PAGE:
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I was reading Ritchie and Thompson's paper about the Unix file system. They write, 'It is worth noting that the system is totally self-supporting'. Were the systems before Unix not self-supporting? In what ways?

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    It is worth looking into the FOSDEM 2018 talk on Unix evolution by Diomidis Spinellis; I also enjoyed Liam Proven's the circuit less traveled talk – Basile Starynkevitch Feb 19 '18 at 8:23
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    It might also be worth asking about non-self-supporting operating systems on Retrocomputing, where you’d be likely to get very detailed answers. – Stephen Kitt Feb 19 '18 at 11:05
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    Another term for self-supporting is self-hosting – Nayuki Feb 19 '18 at 18:13
  • It is equally accurate to call it self-contained, for the same reasons others list. Not only can a new system (kernel, userland) be compiled, but the manual pages and documentation are usually present, except on embedded/tiny systems. – user2497 Feb 27 '18 at 8:42
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The question in your title is addressed immediately after your quote in the paper:

All Unix software is maintained on the system; likewise, this paper and all other documents in this issue were generated and formatted by the Unix editor and text formatting programs.

So “self-supporting” means that once a Unix system is setup, it is self-sufficient, and its users can use it to make changes to the system itself. “This issue” in the quote above refers to Bell System Technical Journal, Volume 57, Number 6, Part 2, July-August 1978, which was all about the Unix system (and makes fascinating reading for anyone interested in Unix and its history).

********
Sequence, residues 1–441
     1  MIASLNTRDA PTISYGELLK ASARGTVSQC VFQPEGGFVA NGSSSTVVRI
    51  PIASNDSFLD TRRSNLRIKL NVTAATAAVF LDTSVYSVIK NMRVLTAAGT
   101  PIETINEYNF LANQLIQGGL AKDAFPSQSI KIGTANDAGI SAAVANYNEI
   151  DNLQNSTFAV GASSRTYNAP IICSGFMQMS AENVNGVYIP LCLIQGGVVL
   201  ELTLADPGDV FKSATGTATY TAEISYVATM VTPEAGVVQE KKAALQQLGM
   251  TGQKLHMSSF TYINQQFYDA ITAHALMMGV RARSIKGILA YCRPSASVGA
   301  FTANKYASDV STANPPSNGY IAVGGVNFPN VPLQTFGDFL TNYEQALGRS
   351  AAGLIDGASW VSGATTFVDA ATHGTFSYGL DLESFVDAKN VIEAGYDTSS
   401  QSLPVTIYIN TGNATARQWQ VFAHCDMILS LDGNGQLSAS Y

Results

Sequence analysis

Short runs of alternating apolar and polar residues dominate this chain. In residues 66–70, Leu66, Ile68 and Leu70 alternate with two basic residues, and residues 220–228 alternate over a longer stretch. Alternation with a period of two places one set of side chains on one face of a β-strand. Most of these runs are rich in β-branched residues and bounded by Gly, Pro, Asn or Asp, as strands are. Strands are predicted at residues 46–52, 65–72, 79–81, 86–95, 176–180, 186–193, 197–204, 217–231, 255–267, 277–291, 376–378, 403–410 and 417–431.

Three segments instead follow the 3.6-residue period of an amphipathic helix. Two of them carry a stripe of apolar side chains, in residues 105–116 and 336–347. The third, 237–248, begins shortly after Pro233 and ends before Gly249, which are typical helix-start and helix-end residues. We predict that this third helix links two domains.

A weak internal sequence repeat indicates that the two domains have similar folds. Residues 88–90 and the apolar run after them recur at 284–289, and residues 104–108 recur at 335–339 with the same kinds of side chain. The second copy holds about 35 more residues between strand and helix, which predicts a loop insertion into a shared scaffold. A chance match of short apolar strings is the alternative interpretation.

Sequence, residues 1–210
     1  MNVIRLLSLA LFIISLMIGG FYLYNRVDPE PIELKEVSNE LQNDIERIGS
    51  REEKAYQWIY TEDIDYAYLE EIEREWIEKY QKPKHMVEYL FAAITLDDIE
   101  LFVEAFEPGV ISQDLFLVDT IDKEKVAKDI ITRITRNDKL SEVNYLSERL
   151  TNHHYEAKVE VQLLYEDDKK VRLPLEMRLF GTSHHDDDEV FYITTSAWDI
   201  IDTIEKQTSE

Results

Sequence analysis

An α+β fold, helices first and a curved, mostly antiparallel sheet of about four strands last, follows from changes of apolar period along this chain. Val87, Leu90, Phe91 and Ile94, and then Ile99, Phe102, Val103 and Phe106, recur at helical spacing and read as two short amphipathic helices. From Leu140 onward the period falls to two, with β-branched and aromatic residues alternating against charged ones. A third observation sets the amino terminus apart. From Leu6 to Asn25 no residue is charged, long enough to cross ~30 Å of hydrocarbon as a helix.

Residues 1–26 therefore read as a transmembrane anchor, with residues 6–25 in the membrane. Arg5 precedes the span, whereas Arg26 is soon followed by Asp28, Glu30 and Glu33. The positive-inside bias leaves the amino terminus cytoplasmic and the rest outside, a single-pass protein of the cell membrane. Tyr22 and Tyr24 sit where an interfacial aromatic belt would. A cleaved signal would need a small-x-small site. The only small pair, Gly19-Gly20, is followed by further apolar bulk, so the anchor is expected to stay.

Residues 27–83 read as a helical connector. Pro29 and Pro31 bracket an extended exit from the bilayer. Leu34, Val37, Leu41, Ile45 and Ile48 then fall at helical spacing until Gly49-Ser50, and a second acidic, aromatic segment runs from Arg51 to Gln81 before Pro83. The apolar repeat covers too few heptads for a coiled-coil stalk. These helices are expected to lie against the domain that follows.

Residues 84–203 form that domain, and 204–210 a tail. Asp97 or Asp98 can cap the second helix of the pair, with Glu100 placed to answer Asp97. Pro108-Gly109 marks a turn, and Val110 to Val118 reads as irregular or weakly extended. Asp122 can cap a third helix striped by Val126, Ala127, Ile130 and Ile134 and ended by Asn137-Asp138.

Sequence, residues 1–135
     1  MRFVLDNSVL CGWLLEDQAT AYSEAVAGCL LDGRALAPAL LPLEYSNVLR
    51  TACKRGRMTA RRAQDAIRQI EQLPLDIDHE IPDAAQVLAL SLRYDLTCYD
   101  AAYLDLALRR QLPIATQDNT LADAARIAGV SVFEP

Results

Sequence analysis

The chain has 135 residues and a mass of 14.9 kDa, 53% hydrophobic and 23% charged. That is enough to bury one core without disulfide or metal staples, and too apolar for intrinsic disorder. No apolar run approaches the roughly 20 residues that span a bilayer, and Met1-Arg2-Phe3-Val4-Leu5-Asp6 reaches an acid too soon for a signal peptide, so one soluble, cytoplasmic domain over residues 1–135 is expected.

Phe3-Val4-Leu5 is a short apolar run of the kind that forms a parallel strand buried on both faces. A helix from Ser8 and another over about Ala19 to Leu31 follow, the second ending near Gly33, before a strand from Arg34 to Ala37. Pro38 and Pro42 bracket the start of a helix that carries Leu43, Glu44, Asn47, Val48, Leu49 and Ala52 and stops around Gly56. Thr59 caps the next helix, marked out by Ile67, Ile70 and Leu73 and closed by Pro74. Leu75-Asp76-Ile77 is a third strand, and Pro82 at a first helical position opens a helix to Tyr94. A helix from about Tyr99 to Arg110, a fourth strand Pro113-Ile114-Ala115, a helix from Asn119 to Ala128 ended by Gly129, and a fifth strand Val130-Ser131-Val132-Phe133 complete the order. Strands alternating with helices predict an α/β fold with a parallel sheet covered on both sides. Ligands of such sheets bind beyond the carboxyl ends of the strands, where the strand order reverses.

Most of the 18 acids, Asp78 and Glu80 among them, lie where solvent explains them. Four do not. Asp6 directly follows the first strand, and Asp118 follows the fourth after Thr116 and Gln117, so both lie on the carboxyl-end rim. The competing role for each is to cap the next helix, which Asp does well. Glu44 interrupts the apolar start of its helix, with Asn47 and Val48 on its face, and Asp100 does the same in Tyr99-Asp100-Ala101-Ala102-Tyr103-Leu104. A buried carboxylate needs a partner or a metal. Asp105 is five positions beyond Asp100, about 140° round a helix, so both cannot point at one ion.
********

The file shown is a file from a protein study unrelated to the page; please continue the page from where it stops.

The fact that Unix is self-supporting doesn’t mean all other systems before it weren’t; but some operating systems did require the use of other systems to build them (this became more common later, in fact, with the advent of micro-computers, whose systems were often developed on minis). Unix was novel in that it also included typesetting tools, which meant that it could not only build itself, but also produce its documentation, both online and in print (I imagine Unix might not be the first such system, but this would have been at least unusual).

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    The typesetting tools (roff) were crucially important for early Unix. Part of the funding came from promising to produce a document typesetting system. – Kusalananda Feb 18 '18 at 19:06
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    @Kusalananda IIRC, from written accounts of the original Unix/C team, they asked permission to work on a small simplified OS because Multix was so late but were not given permission. They then got the job of developing a document management system (of which typesetting was only a part of, the other parts include the filesystem and file editor) an in typical hacker fashion decided to write an OS in order to develop the product – slebetman Feb 19 '18 at 8:41